• Fedora

    Released by: Olive Films
    Released on: October 28, 2014
    Director: Billy Wilder
    Cast: William Holden, Marthe Keller, Hildegard Knef, José Ferrer, Frances Sternhagen, Stephen Collins, Arlene Francis
    Year: 1978
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    The Movie:

    After the suicide of a former superstar who appeared to be much younger than her age suggested, has-been Hollywood producer Barry “Dutch” Detweiler recalls a troublesome series of encounters he had with the reclusive woman two weeks before on the Greek island of Corfu. Dutch had gone to the island to convince Fedora to star in a new film adaptation of Leo Tolstoy’s classic novel Anna Karenina. Instead, he finds her being held prisoner by the enigmatic Countess Sobryanski, her dutiful servant, and a chauffeur. Fedora manages to escape the group’s clutches and meets up with Dutch. She tells him that the aging countess is after her money and won’t let her go until she gets it. She also reveals that Dr. Vando has kept her young by giving her dubious medical treatments. Shortly after her revelation, she is apprehended but manages to escape again, this time killing herself by leaping in front of a train. At her funeral, Dutch confronts Countess Sobryanski, only to learn the terrible and melancholy truth about the beautiful and mysterious Fedora.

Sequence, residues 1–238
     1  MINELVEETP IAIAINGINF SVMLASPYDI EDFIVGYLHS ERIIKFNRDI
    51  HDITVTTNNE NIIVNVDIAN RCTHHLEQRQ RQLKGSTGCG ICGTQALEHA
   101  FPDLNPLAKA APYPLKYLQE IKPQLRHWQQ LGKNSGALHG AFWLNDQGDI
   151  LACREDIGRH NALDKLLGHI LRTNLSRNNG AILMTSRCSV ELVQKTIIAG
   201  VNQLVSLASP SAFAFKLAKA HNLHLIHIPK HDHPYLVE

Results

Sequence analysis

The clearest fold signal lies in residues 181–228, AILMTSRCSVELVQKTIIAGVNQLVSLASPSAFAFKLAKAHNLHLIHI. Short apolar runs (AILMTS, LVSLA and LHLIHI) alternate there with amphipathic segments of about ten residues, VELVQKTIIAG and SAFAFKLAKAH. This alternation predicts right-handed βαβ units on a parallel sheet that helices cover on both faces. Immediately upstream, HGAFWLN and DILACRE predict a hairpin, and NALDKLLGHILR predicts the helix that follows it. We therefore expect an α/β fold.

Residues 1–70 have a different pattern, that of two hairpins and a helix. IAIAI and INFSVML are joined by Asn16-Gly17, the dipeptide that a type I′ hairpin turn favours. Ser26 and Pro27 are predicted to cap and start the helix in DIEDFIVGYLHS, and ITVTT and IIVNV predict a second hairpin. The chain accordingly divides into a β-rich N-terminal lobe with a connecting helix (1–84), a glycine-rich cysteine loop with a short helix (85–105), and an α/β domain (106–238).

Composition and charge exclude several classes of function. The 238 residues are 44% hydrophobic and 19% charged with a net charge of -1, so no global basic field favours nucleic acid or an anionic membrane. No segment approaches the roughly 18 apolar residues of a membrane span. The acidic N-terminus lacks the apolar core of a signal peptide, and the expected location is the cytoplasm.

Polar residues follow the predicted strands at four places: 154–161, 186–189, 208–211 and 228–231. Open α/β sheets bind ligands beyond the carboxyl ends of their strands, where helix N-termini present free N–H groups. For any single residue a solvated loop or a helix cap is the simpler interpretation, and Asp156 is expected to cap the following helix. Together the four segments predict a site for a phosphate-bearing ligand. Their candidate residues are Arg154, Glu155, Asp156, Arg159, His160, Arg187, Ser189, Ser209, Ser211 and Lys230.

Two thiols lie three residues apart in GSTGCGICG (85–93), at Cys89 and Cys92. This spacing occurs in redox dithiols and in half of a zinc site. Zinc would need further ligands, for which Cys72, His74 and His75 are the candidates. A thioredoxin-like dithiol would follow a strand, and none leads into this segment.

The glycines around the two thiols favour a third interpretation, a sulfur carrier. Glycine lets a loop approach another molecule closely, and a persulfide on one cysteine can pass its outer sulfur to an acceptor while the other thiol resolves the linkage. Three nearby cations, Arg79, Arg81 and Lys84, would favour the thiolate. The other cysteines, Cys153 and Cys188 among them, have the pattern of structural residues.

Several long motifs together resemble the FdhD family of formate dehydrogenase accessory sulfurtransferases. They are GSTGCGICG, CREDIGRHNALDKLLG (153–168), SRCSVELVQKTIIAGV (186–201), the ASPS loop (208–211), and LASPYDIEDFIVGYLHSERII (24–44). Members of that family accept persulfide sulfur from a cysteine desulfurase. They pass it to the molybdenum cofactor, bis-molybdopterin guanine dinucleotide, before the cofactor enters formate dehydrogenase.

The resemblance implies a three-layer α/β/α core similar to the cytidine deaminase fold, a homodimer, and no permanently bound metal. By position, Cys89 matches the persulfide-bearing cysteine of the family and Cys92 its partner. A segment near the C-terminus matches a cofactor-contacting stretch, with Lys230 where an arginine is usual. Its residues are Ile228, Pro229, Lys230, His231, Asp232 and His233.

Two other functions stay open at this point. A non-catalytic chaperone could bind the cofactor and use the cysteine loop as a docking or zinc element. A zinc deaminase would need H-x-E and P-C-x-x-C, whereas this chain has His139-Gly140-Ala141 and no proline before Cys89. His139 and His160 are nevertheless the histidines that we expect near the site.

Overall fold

Fedora is based on a novella by former actor Thomas Tryon. Tryon began his career on Broadway starring alongside such theatre greats as Jack Cassidy and Sheila Bond before making the jump to television. In the late 1950s, he rose to fame playing Texas John Slaughter for Walt Disney Presents on ABC. Around the same time, he also began to make a name for himself in the movies, starring in such memorable science fiction fare as I Married a Monster from Outer Space and Moon Pilot. After being passed up for the role of Sam Loomis in Alfred Hitchcock’s Psycho, he landed the role of an Irish priest rising through the ranks of the Catholic hierarchy in The Cardinal. The film was directed by Otto Preminger, and Tryon later credited his abuse at the hands of Preminger as the reason he had decided to leave acting altogether. His change in careers was fortuitous for horror fans, however; it had the startling effect of helping to revitalize horror literature.